1. Academic applications are due around November (get them done in October), but you should be applying around early or mid October as November is somewhat late for applications.
2. Although you apply in November for these jobs, you have time as institutions will not get back to you until January through March.
2. Both academic and industry offer good jobs. They have pros and cons (which I won’t list here), but they both afford a solid lifestyle and usually some variety at work.
3. There were a lot of positions in academia open (2016).

Let’s say you want to apply for academia. The rest of this post will be discussing an academic job search and future posts will be on industry searches and also aspects of an interview.

Now you’ve kept the door open for academia, you should know if you are looking more for a teaching gig or research gig. They have vastly different responsibilities and soft/hard money ratios. No one has defined FTE (full time effort) explicitly for me, but I have heard it range from 50-60 hours/week for an assistant professor.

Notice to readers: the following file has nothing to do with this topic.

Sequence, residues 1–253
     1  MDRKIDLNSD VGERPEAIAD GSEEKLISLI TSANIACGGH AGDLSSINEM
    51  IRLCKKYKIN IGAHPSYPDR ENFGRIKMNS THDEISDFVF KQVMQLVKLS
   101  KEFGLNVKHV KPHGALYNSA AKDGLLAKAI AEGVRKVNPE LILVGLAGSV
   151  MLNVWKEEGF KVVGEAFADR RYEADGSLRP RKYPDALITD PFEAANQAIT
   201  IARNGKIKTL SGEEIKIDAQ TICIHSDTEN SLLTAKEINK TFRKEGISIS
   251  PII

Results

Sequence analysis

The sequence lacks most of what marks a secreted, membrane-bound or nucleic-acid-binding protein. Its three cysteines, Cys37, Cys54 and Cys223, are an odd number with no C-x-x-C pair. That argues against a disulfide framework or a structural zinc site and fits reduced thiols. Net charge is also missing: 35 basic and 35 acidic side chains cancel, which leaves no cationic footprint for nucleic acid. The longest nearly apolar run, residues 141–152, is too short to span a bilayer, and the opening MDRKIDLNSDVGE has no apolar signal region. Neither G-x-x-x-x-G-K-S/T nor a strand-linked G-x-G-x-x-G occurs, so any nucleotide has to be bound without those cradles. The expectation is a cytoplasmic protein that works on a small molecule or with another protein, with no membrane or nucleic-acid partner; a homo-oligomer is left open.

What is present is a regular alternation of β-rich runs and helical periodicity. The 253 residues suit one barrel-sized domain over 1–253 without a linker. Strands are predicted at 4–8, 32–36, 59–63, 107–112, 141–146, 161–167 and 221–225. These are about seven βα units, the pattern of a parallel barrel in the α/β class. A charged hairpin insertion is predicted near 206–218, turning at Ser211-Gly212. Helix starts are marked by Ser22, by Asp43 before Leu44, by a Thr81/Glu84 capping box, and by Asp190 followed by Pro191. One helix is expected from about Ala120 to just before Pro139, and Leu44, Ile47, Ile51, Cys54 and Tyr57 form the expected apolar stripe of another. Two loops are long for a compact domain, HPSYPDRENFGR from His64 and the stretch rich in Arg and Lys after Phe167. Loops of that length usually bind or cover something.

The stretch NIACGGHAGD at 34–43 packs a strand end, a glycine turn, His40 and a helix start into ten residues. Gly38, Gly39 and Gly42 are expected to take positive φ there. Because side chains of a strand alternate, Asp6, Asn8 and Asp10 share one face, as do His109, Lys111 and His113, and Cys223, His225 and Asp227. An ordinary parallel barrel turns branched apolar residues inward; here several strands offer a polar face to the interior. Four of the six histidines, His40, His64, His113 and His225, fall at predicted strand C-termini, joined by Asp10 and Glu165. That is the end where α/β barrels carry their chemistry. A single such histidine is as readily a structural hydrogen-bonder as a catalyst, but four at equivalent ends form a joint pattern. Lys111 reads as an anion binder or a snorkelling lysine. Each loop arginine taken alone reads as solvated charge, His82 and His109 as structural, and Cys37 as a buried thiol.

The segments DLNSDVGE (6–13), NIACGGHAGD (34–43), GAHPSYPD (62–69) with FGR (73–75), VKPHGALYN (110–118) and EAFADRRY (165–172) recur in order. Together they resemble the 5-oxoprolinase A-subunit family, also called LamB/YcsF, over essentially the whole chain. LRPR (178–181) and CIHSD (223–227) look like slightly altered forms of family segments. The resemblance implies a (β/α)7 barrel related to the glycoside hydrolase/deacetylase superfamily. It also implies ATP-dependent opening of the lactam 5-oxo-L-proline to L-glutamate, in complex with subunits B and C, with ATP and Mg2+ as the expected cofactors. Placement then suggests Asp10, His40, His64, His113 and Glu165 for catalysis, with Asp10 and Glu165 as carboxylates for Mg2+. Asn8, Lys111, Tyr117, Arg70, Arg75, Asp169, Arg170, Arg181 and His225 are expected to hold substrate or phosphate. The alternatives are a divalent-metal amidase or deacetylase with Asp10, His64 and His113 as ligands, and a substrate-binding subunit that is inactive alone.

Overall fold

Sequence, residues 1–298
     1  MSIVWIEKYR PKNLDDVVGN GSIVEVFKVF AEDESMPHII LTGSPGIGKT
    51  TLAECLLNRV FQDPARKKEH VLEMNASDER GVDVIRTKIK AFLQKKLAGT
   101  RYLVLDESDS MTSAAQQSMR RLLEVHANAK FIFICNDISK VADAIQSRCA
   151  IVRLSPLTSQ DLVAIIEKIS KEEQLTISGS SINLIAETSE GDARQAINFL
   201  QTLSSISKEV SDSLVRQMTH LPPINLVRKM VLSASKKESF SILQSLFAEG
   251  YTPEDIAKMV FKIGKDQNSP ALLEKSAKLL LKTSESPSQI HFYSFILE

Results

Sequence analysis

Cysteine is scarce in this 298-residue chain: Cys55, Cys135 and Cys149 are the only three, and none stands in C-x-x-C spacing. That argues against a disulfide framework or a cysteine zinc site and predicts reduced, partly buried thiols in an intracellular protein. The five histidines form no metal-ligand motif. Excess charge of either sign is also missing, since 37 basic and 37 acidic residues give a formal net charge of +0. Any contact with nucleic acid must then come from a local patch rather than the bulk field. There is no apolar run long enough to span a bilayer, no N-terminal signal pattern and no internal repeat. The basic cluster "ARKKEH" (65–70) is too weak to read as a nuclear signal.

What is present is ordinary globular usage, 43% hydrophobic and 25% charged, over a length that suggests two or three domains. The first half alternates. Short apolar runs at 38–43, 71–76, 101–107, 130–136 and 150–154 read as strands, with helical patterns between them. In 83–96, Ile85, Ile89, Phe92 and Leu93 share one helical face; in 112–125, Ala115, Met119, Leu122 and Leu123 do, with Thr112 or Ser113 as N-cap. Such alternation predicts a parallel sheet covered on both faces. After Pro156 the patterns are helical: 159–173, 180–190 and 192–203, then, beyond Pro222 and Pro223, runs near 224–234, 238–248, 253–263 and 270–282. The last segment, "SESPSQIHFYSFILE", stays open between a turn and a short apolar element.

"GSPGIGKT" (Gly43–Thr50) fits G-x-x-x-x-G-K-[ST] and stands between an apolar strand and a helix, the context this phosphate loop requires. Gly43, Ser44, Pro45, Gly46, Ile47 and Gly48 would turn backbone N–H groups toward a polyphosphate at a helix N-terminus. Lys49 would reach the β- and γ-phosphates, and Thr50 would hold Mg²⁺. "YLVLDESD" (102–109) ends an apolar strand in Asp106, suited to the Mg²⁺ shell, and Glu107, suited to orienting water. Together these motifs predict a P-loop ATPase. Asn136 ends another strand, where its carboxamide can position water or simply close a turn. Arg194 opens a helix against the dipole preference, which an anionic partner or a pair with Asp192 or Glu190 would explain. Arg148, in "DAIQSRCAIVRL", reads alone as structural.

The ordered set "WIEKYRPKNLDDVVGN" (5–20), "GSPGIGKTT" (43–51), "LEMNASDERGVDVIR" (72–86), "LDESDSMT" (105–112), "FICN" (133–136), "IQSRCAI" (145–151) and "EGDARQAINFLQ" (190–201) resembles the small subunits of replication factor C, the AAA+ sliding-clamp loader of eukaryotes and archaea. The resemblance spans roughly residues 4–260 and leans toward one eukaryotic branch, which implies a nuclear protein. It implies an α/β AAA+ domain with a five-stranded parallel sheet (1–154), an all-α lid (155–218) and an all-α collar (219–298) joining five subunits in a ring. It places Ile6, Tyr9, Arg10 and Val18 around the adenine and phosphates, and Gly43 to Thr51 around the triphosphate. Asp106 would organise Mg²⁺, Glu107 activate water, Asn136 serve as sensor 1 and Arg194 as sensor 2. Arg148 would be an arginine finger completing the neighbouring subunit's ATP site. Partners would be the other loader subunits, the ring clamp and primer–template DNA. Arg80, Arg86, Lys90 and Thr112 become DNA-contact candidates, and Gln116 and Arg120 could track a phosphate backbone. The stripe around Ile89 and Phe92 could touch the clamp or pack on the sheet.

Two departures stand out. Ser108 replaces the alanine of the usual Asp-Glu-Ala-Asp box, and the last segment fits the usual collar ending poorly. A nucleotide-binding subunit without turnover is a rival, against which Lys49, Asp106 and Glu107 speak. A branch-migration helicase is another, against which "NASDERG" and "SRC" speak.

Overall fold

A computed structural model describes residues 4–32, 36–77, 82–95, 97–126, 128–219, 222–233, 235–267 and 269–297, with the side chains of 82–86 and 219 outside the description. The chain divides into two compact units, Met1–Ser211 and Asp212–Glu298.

From what I have seen, a “soft” money department requires 70-80% of your salary (FTE) to be covered by grants and the rest from the department (20-30%). These tend to be 12-month appointments. Many biostatistics departments, especially those in a school of public health, fall into this category.

A “hard” money department can range from 50-100% FTE covered from the school, which generally comes from teaching more courses. These are generally a 9-month appointment, where the 25% of the remaining salary (in the summer) comes from grants. Statistics departments and biostatistics departments in schools of medicine can fall into these categories.

Each type of department has their own pros and cons and each department is different.

## Timeline

You should probably get applying to many academic institutions around mid-October to early November. Mid-November (although they will not likely be reviewed for quite some time) is a little late in the game. A lot of planning for visits goes on and you want a to be invited and it’s hard for a place to invite you if they’ve filled a lot of “yes” invitations in the future.

Let’s assume you are applying to academia. First thing you need to do is make your packet.